Council of Heads of Australasian Herbaria
Captain (afterwards Sir George) Grey's expeditions on the west coast of AustraJia were organised in the hope of discovering a large river or inlet which was supposed to exist in that quarter. The party arrived in Hanover Bay (lat. 15 degrees S.) in 1837, whence several inland journeys were made to the south-west, and the Glenelg River discovered. Captain Grey's second expedition was made in whale-boats, which he took with him in a sailing vessel from Swan River. He first landed on Bernier Island (lat. 25 degrees S.), where he made a depot; thence he crossed the Gascoyne River, and explored the coast for some miles to the northward; and after encountering great difficulties and hardships, he returned to Bernier Island. where he found that the stores had been utterly destroyed by the ocean, which during the stormy interval had swept over the island. This obliged Captain Grey to return to the mainland, which he reached at Gantheaume Bay (lat. 27degrees.50 minutes S.). Here the boats were abandoned, and the overland journey to the Swan River commenced, which was reached by a remnant of the party after having suffered incredible hardships from starvation and the natural difficulties of the country.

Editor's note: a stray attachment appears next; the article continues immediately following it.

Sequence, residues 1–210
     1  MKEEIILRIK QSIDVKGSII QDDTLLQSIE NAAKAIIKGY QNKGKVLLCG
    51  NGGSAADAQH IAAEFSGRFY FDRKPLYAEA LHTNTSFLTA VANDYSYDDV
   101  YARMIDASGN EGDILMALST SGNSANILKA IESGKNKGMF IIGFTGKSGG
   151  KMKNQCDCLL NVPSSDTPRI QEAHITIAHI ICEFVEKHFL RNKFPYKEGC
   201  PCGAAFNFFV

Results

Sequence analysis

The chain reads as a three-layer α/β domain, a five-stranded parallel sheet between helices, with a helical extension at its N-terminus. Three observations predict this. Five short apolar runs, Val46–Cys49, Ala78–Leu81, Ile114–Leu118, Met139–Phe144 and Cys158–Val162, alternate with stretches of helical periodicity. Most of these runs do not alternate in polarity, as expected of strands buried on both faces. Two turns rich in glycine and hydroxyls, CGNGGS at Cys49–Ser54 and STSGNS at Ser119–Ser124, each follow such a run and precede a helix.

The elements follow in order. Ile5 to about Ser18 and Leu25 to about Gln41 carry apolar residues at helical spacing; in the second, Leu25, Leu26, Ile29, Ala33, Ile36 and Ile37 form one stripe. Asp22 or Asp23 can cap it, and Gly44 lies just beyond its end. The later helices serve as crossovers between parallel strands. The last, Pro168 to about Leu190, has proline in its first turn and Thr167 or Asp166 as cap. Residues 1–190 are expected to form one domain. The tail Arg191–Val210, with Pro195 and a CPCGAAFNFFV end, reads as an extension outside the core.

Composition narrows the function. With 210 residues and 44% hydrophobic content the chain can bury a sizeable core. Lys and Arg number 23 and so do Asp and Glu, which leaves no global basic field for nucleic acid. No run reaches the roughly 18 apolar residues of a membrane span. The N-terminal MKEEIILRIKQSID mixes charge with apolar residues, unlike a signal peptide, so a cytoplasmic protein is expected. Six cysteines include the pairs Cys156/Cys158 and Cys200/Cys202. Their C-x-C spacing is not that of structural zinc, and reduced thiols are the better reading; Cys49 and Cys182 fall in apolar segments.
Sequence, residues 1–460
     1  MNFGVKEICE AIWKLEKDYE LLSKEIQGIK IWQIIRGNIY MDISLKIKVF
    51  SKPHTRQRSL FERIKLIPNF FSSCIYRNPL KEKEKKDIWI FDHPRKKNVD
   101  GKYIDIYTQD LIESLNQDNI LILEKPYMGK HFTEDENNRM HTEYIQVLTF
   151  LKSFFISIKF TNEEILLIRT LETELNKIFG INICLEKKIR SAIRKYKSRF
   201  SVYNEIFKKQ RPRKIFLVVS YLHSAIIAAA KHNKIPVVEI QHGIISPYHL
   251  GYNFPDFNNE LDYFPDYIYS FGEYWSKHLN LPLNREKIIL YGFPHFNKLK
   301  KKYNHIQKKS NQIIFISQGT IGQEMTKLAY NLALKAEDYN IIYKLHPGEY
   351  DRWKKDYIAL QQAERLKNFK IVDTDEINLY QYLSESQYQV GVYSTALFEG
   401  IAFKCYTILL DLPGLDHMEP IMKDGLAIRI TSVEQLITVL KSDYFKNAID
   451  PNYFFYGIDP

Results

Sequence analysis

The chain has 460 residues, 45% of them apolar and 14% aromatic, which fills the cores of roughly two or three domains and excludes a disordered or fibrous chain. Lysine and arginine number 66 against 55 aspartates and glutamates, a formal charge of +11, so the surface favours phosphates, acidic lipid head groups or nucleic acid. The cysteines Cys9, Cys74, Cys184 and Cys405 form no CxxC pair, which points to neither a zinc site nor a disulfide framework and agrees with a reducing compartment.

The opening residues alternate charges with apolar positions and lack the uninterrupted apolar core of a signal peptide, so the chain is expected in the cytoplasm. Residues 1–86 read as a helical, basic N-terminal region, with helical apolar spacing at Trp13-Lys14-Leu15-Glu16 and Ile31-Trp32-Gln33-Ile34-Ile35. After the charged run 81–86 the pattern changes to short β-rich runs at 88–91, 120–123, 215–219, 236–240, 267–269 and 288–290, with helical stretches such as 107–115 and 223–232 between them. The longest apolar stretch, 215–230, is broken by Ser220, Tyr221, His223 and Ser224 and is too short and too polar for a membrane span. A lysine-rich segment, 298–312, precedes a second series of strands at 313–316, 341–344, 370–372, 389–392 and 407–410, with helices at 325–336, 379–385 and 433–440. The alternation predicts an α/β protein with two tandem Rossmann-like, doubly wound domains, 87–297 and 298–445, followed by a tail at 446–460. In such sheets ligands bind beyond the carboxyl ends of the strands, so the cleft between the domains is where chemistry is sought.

Of course, no collections of plants were brought back, but the Commander's narrative abounds in valuable observations on the vegetation of the countries visited. Amongst many other observations worthy of note, are that of an Araucaria occurring on the mountains of the interior, of a Swan River, Banksia near Prince Regent's River, of Xanthorrhoea attaining the latitude of 28 degrees, and Zamia of 29 degrees, in which latitude the common sowthistle appears to have been found abundantly. Many notices of edible plants are scattered through the narrative, including that of a, “Wild Oat," with large grains, which Captain Grey states has been cultivated with success as a cereal in the Island of Mauritius".
See also ., An historical review of the Explorations of Australia," Mueller (Trans. Phil. Soc. Vict., ii, 148). Many biographical accounts are available of this eminent explorer and statesman.
Swainsona greyana, Lindl., commemorates him.
Source: Maiden, J.H. (1909) Records of Western Australian Botanists. Journal of the West Australian Natural History Society. 2(6):5-33